GIS Dossier: The Western Balkans
Of all Europe’s trouble spots, the Western Balkans have a solid claim to being the most troublesome. One hundred years after the end of World War I, the region is finally stable and – save for a violent flare-up or two – peaceful. But plenty of tensions remain, corruption runs rampant and the rule of law is unevenly applied. With all these potential stumbling blocks, the region’s road toward prosperity remains bumpy. This Dossier reviews GIS reports on this region, so critical to Europe’s lasting peace.
Opinion: Separatism in Europe
Independence movements are on the rise in Europe. At the heart of this phenomenon is an ever-globalizing world, bringing with it inflows of foreigners and an outflow of traditional industries. Most of these movements have set aside violent measures in recent years, but there is no guarantee that will continue. If authorities in the EU and national governments do not deal with the challenges at the root of their grievances, it could lead to conflict at the local and national levels.
One might expect the Nordic countries, with their strong democracies and economies, to be full-throated backers of the European project. But the differences between them have led to strained relations that are undermining their relationships with Brussels. Nowhere is this more apparent than in the migrant crisis, where Sweden’s approach has unsettled its neighbors and focused attention on security issues. The result could be another headache for the European Union, this time in the north.
Strategizing the European Union
The European Union has a meager track record of anticipating and containing external threats. The bloc’s 2016 Global Strategy is an attempt to rectify this situation by devising an integrated security approach that avoids the extremes of isolationism and interventionism. But if member countries insist on a multispeed approach instead of true cooperation, the attempt to build EU-based security structures will crumble.
GIS Dossier: Ukraine
Four years after the Maidan revolution swept President Viktor Yanukovych from power, Ukraine remains suspended between Russia and the West. The protracted armed struggle to break free of Moscow’s orbit has helped forge a Ukrainian nation, but its politics and economy remain as dysfunctional as ever. This survey looks at reports published by GIS on Ukraine since 2012.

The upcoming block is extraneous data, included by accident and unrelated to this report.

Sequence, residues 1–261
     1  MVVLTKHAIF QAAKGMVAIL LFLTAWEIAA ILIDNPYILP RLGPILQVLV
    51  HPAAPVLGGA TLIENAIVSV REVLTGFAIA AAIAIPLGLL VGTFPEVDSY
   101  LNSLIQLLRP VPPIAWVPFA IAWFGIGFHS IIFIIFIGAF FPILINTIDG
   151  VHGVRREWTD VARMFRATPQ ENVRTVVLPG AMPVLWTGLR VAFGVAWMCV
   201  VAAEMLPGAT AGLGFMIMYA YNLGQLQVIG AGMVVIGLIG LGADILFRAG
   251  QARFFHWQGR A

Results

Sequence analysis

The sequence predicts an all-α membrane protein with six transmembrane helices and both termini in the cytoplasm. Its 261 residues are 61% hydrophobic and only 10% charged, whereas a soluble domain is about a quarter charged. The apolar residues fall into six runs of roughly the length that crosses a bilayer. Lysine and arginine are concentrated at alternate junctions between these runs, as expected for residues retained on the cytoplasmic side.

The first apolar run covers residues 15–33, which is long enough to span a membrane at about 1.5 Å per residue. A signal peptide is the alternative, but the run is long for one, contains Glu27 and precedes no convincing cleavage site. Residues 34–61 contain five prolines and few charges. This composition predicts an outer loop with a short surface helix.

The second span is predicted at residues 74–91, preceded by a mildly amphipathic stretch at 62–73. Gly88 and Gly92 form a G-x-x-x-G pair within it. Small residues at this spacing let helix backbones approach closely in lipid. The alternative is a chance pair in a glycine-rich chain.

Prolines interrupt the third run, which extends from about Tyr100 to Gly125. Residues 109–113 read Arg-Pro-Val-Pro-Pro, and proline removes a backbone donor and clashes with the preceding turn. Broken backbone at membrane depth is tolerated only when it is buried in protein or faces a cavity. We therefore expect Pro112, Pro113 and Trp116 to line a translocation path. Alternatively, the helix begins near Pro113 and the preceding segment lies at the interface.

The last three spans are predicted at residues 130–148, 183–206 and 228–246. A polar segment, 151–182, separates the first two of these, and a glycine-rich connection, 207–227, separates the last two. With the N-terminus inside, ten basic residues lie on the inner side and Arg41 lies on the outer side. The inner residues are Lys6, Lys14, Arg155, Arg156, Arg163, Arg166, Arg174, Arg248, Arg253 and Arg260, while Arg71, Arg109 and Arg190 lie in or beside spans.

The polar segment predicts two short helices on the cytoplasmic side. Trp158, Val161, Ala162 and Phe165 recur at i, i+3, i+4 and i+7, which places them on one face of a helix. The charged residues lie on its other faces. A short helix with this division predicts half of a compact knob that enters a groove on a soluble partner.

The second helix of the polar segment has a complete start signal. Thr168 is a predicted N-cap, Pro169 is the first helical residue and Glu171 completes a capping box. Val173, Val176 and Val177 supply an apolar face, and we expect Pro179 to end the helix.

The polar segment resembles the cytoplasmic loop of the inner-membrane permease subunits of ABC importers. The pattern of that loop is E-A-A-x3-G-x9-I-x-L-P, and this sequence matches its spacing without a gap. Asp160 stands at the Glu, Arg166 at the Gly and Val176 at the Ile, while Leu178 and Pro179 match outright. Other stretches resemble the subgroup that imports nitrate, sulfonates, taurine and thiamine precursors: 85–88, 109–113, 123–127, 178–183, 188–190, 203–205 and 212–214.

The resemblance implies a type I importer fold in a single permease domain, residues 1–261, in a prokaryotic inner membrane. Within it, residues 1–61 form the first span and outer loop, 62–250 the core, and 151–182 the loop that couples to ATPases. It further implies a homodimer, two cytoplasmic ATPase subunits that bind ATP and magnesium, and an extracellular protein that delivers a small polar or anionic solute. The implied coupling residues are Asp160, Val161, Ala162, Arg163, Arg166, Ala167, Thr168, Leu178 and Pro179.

Is Brexit inevitable?
Signs are accumulating that the preliminary divorce agreement between the United Kingdom and the European Union is starting to unravel, and that a year from now, on March 29/30, 2019, we could witness a “hard Brexit” with no transition arrangements and chaos in areas hitherto regulated by the EU. The damage to both sides’ economies would be substantial, and time for softening the blow is running out.
The consequences of prolonged low interest rates in Europe
Monetary policymakers are becoming preoccupied with the risks of persistently low interest rates to Europe’s still fragile economic recovery. Ultra-easy credit is creating growing economic distortions and asset bubbles, while reviving volatility and risk in financial markets. The European Central Bank realizes it must “normalize” rates, but it worries that sudden tightening could precipitate a financial crisis that could be as bad or worse than 2008-2009.
Options for European defense
After three decades of continuous decline, European defense budgets are again on the rise. What kind of military capabilities will these investments provide? Money will only go so far without the right strategic choices.
Opinion: Europe’s misguided tax crusade
While the United States cuts taxes to spur growth, the European Union is blacklisting countries regarded as threats its fiscal system. The contrast speaks volumes about the economic priorities on both sides, and does not bode well for the long-term viability of Europe’s welfare states.